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Am J Pathol. 2004 Sep;165(3):937-48.

A synthetic peptide blocking the apolipoprotein E/beta-amyloid binding mitigates beta-amyloid toxicity and fibril formation in vitro and reduces beta-amyloid plaques in transgenic mice.

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Department of Neurology, New York University School of Medicine, New York, New York, USA.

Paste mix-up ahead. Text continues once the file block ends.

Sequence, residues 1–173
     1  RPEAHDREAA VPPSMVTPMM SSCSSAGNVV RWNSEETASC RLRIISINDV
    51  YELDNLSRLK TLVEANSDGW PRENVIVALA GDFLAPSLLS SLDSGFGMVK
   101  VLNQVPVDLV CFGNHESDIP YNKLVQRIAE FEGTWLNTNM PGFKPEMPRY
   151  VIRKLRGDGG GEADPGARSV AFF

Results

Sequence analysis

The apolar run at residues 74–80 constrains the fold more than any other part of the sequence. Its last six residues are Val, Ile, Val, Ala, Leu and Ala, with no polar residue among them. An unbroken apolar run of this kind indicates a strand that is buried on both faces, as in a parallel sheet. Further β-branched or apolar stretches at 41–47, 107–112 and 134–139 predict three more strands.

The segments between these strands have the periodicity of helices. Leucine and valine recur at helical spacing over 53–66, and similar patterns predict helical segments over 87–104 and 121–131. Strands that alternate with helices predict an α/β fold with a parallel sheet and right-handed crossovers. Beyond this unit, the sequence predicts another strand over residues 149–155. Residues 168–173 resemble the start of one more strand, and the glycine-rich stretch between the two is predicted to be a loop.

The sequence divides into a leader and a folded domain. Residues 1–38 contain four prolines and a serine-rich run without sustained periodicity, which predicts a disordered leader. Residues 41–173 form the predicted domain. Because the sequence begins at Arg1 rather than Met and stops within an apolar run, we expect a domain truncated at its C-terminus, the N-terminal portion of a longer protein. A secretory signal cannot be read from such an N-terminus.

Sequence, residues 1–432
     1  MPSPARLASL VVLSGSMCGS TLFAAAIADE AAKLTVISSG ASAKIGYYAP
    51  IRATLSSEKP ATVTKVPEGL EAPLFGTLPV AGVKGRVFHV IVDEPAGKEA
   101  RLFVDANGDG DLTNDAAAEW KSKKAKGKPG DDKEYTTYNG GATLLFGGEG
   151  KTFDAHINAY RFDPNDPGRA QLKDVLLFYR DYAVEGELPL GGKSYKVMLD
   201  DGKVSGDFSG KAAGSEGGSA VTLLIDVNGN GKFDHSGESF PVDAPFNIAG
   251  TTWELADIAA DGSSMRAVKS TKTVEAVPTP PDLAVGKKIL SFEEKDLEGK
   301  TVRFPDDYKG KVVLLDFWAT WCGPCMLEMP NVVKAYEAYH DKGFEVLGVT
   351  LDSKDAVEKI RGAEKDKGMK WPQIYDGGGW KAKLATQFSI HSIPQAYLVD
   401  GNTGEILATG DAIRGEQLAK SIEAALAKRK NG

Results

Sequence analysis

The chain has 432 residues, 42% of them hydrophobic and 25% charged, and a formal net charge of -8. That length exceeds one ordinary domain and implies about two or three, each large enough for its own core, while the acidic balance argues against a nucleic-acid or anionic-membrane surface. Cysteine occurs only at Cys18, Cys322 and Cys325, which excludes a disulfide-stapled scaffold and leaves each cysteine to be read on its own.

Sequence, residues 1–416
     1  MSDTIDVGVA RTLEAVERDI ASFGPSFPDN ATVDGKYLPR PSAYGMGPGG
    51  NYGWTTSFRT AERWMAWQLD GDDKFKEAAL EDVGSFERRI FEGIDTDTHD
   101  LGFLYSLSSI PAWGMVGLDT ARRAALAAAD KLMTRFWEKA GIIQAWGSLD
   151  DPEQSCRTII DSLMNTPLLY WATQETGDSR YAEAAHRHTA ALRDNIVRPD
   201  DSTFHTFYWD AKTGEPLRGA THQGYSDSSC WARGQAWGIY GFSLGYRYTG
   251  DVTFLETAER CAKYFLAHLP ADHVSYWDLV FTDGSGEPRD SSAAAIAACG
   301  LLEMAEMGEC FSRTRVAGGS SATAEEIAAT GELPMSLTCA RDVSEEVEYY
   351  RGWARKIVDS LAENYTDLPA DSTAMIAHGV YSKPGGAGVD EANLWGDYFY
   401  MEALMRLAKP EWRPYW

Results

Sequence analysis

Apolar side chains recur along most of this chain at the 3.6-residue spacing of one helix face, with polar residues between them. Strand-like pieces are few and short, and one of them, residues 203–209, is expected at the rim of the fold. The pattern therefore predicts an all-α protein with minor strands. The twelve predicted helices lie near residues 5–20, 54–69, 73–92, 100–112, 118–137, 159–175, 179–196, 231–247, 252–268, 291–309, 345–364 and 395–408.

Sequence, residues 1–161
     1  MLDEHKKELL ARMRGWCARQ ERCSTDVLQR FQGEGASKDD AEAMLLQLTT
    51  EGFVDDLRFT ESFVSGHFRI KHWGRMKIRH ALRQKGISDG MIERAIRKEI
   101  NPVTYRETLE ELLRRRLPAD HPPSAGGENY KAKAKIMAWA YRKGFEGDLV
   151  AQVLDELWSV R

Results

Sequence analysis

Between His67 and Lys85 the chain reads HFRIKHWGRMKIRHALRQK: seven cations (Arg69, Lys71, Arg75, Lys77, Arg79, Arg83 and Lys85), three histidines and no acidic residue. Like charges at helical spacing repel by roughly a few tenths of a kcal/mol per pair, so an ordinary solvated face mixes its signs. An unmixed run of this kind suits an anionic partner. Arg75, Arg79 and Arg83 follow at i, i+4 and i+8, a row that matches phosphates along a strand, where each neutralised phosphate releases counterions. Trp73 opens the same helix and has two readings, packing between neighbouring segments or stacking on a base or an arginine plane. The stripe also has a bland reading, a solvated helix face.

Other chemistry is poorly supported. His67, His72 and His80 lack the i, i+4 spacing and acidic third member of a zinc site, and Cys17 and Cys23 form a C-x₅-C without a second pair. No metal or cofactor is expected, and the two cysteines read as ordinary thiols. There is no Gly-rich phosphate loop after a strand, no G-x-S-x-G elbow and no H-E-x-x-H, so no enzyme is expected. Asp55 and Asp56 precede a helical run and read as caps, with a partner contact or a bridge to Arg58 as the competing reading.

Alzheimer's disease (AD) is associated with accumulation of beta-amyloid (Abeta). A major genetic risk factor for sporadic AD is inheritance of the apolipoprotein (apo) E4 allele. ApoE can act as a pathological chaperone of Abeta, promoting its conformational transformation from soluble Abeta into toxic aggregates. We determined if blocking the apoE/Abeta interaction reduces Abeta load in transgenic (Tg) AD mice. The binding site of apoE on Abeta corresponds to residues 12 to 28. To block binding, we synthesized a peptide containing these residues, but substituted valine at position 18 to proline (Abeta12-28P). This changed the peptide's properties, making it non-fibrillogenic and non-toxic. Abeta12-28P competitively blocks binding of full-length Abeta to apoE (IC50 = 36.7 nmol). Furthermore, Abeta12-28P reduces Abeta fibrillogenesis in the presence of apoE, and Abeta/apoE toxicity in cell culture. Abeta12-28P is blood-brain barrier-permeable and in AD Tg mice inhibits Abeta deposition. Tg mice treated with Abeta12-28P for 1 month had a 63.3% reduction in Abeta load in the cortex (P = 0.0043) and a 59.5% (P = 0.0087) reduction in the hippocampus comparing to age-matched control Tg mice. Antibodies against Abeta were not detected in sera of treated mice; therefore the observed therapeutic effect of Abeta12-28P cannot be attributed to an antibody clearance response. Our experiments demonstrate that compounds blocking the interaction between Abeta and its pathological chaperones may be beneficial for treatment of beta-amyloid deposition in AD.

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